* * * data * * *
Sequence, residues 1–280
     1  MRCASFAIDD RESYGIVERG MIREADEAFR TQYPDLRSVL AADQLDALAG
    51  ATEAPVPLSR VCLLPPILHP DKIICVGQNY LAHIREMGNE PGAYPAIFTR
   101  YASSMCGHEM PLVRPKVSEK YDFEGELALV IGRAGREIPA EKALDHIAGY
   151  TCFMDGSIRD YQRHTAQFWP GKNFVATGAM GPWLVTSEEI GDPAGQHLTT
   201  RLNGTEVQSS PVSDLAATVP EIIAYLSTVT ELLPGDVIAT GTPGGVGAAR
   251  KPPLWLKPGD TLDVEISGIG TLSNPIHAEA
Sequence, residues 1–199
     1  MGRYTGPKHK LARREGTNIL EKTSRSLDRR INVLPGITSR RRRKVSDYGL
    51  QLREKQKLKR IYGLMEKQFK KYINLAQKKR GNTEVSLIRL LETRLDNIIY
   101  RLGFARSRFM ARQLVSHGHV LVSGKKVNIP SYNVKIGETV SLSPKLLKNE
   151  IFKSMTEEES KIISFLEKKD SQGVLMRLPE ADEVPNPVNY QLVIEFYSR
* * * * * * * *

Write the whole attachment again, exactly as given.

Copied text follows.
Sequence, residues 1–280
     1  MRCASFAIDD RESYGIVERG MIREADEAFR TQYPDLRSVL AADQLDALAG
    51  ATEAPVPLSR VCLLPPILHP DKIICVGQNY LAHIREMGNE PGAYPAIFTR
   101  YASSMCGHEM PLVRPKVSEK YDFEGELALV IGRAGREIPA EKALDHIAGY
   151  TCFMDGSIRD YQRHTAQFWP GKNFVATGAM GPWLVTSEEI GDPAGQHLTT
   201  RLNGTEVQSS PVSDLAATVP EIIAYLSTVT ELLPGDVIAT GTPGGVGAAR
   251  KPPLWLKPGD TLDVEISGIG TLSNPIHAEA
Sequence, residues 1–199
     1  MGRYTGPKHK LARREGTNIL EKTSRSLDRR INVLPGITSR RRRKVSDYGL
    51  QLREKQKLKR IYGLMEKQFK KYINLAQKKR GNTEVSLIRL LETRLDNIIY
   101  RLGFARSRFM ARQLVSHGHV LVSGKKVNIP SYNVKIGETV SLSPKLLKNE
   151  IFKSMTEEES KIISFLEKKD SQGVLMRLPE ADEVPNPVNY QLVIEFYSR